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But even so, aren’t the distinctions trivial? If they were trivial, one might ask why all the need then for amputations, pin-on prostheses, plastic surgery, sterilization, and hormone pumping? But the distinctions are not trivial. As Anderson shows, citing what we know from genetics, physiology, and neurology, we are sexed beings all the way down to the cell, and, from instructions encoded in the zygote, up to every organ and their interrelations, including the brain. It is imperative that physicians and psychiatrists know this. A man’s typical metabolism is not a woman’s. A woman’s bones are not the same as a man’s. Diseases afflict the sexes at different rates and in different ways, and this is why, Anderson notes, medical researchers must now separate their results for sex. Surgeons know it, too: the woman’s heart is smaller than the man’s and presents its own array of issues to deal with. Feminists themselves long complained that men and not women were taken as the paradigmatic recipients of medical care. Yet we are now to believe that some plastic surgery and some influx of artificially administered hormones or suppressors of hormones can magically work a fundamental and complete change.
Which brings me to a second error that Anderson exposes, that “sex” and “gender” are independent of one another. We have long heard from feminists that “sex” is biological, but “gender” is social, and since it is social, it is merely a matter of custom; though now, as Anderson notes, citing gender theorist Judith Butler, some people say that sex itself is a social construction, but that gender, what you feel about yourself, is fundamental and immutable. That is complete madness. Try to apply it to any of your other bodily systems beside the sexual; try saying that your stomach, liver, bladder, intestines, and the entire physical apparatus for converting food into energy and nutrients are socially constructed, but your taste for poached eggs is fixed, innate, and absolute. Anderson argues, correctly, that our social lives are expressions of our biological being: we are, biologically, the kinds of creatures that form the kinds of societies we form:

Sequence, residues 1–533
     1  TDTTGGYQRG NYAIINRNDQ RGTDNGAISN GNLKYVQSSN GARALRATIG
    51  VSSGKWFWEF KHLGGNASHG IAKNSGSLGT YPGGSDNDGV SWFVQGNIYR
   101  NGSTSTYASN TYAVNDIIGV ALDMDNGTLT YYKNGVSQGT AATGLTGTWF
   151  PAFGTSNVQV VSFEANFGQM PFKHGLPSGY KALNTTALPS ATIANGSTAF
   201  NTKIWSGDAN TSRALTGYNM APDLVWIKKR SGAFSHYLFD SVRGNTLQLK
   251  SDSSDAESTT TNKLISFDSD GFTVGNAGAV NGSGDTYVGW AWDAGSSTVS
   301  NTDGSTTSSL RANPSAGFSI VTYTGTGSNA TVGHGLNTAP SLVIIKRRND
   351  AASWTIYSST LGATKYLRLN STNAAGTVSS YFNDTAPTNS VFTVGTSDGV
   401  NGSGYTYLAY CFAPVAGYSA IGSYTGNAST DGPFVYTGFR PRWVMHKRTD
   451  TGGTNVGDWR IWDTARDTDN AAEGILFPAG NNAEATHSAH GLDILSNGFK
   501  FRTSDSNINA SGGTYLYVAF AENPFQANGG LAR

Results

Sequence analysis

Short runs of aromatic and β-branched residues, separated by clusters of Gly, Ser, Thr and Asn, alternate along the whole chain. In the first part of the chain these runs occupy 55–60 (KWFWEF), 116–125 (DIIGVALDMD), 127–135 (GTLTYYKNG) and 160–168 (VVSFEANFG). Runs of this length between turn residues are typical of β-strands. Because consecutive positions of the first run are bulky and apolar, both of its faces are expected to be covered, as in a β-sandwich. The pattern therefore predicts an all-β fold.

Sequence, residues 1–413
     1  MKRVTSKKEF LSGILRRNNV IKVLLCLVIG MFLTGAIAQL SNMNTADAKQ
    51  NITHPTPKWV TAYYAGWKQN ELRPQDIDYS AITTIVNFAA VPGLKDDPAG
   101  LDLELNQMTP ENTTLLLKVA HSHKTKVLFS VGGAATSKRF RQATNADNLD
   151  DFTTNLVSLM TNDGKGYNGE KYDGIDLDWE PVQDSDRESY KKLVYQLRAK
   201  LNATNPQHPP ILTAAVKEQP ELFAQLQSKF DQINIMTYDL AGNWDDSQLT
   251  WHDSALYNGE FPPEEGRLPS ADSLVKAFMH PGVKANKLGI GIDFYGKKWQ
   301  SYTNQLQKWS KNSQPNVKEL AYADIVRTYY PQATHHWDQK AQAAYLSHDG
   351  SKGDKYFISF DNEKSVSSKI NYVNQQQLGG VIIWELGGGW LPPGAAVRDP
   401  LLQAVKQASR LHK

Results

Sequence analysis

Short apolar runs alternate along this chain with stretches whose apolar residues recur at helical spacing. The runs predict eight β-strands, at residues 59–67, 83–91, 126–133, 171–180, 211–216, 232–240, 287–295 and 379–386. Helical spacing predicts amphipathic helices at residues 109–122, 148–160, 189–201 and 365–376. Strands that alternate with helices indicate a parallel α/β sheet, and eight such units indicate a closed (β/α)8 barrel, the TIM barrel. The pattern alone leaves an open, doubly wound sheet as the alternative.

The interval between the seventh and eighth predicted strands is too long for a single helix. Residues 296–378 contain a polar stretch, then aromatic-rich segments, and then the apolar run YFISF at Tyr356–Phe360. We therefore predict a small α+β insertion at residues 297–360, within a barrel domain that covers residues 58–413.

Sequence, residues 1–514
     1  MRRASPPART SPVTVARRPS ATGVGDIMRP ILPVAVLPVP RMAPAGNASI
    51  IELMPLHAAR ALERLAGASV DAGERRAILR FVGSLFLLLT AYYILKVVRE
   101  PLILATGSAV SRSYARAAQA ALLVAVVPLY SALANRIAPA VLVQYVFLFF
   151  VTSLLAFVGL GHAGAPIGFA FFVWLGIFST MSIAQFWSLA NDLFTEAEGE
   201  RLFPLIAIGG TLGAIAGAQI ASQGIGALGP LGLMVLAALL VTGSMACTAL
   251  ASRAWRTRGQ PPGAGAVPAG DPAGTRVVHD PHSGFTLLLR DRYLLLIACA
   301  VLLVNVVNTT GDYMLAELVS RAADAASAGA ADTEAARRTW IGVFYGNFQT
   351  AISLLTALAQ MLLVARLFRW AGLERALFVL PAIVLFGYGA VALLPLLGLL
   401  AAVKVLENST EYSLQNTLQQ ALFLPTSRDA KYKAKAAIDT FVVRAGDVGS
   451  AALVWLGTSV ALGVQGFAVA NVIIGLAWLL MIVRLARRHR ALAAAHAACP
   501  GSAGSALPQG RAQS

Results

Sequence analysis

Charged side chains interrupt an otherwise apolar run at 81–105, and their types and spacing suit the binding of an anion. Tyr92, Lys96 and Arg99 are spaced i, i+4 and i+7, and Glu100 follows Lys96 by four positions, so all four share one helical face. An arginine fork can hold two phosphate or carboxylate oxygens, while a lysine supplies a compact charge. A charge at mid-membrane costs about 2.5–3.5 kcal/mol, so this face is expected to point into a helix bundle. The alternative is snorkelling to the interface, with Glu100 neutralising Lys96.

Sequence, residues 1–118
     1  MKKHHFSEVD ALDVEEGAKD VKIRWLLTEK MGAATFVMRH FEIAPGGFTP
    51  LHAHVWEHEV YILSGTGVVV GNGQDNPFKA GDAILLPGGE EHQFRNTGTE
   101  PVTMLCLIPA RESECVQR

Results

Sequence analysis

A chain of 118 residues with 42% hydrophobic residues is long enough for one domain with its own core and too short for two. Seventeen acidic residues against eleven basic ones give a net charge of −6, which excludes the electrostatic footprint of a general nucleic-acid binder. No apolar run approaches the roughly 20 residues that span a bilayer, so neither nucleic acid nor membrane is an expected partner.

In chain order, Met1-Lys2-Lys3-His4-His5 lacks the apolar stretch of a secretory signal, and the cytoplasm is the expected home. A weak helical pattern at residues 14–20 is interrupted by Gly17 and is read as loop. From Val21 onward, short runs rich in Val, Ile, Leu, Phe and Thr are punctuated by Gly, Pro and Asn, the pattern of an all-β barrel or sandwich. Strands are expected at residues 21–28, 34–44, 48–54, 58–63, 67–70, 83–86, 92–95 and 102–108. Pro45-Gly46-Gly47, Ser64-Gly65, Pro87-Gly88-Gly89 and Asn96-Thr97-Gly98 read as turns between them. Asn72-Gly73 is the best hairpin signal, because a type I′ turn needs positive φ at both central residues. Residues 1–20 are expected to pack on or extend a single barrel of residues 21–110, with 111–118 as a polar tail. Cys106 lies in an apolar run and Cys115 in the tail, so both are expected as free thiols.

Human beings are creatures of nature and of culture, but a healthy culture does not attempt to erase our nature as male and female embodied beings. Instead, it promotes the integrity of persons, in part by cultivating manifestations of sex differences that correspond to biological facts. It supports gender expressions that reveal and communicate the reality of our sexual nature.
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We can believe otherwise only if we adopt what Anderson, following his teacher Robert P. George, has called a “new Gnosticism.” This is the belief that the “real self” is something free-floating, maybe three feet over your head and two feet to the right, which uses the body as a mere instrument for procuring its desires. But “if a soul has an inner sense of something, it is of and through the body,” explains Anderson. “Souls aren’t radically detached from bodies; they are the principle that informs them, organizes them, and grounds their root capacities.” I cannot know what it is like to be a bat, says Anderson, taking his cue from the philosopher Thomas Nagel, because I am not a bat. I am a man, and therefore cannot know what it is like to be a woman. What Bruce Jenner wants instead is that others perceive him as a woman; he is out of kilter with the reality of his body, and he demands that others join in. Nor is there any evidence that “transgender” people as a group have brains that are innately different from members of their own sex as a group:
There are no brain studies demonstrating “predictive power” in any of the biological differences examined, and this lack of predictive power is a serious weakness for a scientific theory. So there is no warrant for the claims in popular media outlets that biological differences located in the brain determine gender identity.